The city of Portland has settled a lawsuit filed by anti-abortion activists against an ordinance that established a 39-foot no-protest zone around a Portland clinic that provides abortions.
The city will pay each of the plaintiffs nominal damages of $1, and a total of $56,500 in legal fees, according to a consent judgment approved Oct. 8 by Judge Nancy Torresen in U.S. District Court in Portland.
In October 2014, Torresen had dismissed part of a lawsuit filed against the city by the protesters, alleging that the ordinance, which established a buffer zone around the entrance to Planned Parenthood’s Congress Street health center, was a violation of their free-speech rights.
The U.S. Supreme Court in June 2014 had ruled that similar 35-foot buffer zones around clinics in Massachusetts violated free-speech rights. A few weeks later, the Portland City Council repealed its ordinance and protests outside the clinic resumed in mid-July 2014. The city subsequently filed a motion to dismiss the case.
But Torresen, acting on the city’s motion, ruled that the protesters could seek damages for the violation of their constitutional rights during the time the buffer zone was in effect.
Jessica Grondin, spokeswoman for the city of Portland, said the City Council “acted swiftly” by repealing the city ordinance at its first meeting after the Supreme Court ruled in the Massachusetts case.
“The city thereafter also filed a motion to dismiss the case, which was granted, in part, by the court and ultimately dismissed most of the counts in the plaintiffs’ amended complaint with the exception of the nominal damages claim,” Grondin said in a written statement. “Overall, the city is pleased that this matter is finally resolved so as to avoid any additional unnecessary protracted litigation.”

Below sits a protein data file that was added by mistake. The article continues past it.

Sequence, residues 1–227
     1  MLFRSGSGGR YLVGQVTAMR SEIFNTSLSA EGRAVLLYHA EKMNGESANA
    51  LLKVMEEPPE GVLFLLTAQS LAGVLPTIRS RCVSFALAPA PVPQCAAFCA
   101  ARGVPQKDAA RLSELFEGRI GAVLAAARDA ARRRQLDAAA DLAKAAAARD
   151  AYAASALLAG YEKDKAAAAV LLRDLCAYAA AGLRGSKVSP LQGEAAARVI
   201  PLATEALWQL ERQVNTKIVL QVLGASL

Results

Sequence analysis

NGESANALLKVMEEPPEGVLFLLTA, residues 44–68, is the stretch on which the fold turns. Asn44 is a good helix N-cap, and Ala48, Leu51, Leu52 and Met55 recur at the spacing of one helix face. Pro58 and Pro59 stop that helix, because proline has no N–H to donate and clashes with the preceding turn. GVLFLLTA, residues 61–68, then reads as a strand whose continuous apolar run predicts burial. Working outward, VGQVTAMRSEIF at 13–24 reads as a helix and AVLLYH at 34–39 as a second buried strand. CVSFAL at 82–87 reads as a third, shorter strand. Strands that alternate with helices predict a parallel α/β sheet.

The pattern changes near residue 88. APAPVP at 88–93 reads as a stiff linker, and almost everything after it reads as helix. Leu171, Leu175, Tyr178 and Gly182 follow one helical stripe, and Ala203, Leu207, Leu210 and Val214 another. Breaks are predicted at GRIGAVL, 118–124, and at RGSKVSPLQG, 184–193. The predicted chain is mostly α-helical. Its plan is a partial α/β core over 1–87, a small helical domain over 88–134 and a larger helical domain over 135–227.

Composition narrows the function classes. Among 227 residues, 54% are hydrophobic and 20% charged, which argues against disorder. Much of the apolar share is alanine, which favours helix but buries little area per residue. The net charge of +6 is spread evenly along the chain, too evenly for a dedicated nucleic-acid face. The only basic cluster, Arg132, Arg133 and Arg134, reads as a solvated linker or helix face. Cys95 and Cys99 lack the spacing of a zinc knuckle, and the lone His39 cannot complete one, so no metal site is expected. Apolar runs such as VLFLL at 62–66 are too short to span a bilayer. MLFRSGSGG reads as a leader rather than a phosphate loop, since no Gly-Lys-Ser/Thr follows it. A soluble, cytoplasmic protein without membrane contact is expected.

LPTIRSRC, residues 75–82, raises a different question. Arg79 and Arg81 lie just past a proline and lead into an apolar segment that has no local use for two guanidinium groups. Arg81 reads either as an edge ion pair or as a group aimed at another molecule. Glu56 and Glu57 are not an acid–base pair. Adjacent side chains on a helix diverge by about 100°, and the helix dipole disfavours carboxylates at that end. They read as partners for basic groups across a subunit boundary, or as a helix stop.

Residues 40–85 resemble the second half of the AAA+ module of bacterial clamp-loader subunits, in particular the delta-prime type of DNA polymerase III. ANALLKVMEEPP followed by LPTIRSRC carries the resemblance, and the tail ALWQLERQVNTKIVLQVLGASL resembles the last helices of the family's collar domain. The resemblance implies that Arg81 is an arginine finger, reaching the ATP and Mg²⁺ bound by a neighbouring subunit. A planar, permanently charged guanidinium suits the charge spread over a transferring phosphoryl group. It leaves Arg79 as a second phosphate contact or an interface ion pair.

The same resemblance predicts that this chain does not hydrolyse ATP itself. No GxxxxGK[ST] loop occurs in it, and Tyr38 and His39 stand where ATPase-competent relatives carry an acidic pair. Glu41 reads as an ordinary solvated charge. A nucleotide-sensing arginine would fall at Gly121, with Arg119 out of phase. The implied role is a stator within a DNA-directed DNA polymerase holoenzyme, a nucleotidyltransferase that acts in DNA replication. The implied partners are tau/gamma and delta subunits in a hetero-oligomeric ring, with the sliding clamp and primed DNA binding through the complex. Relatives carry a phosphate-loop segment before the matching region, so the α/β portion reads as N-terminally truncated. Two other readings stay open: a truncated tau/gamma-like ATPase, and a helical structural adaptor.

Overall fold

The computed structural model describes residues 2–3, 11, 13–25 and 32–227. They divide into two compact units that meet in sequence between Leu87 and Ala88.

An attorney for the activists – Daniel and Marguerite Fitzgerald of Shapleigh and their children and Richmond resident Leslie Sneddon – said last year, after the city repealed its buffer zone ordinance, that they wanted to continue the federal court litigation against the city to set a precedent.
Attorney Erin Kuenzig of the Thomas More Law Center in Michigan said the case was never about the money and that the $1 amount was all her clients ever sought for damages.
“This judgment is significant because it is a formal and binding legal recognition that the city of Portland violated the plaintiffs’ First Amendment rights through its ‘buffer zone’ ordinance. There was no legitimate basis for banning the plaintiffs and other law-abiding citizens from using the public sidewalk surrounding Planned Parenthood’s abortion clinic during the company’s business hours,” Kuenzig said in an email Wednesday. “Hopefully, this judgment will stand as a reminder to the city of Portland that the First Amendment must not be so callously disregarded in the future. Should the city again bow to the will of Planned Parenthood and attempt to silence pro-life sidewalk counselors though ill-advised legislation, the Thomas More Law Center will not hesitate to zealously defend the First Amendment from another unlawful attack by the city of Portland.”
The failed buffer zone ordinance was a second defeat for the City Council related to city ordinances that were challenged on First Amendment grounds. The council enacted a ban on panhandling on street medians in 2013. The city lost an appeal in federal court in the median case and decided on Oct. 6 that it would not pursue further legal efforts before the U.S. Supreme Court.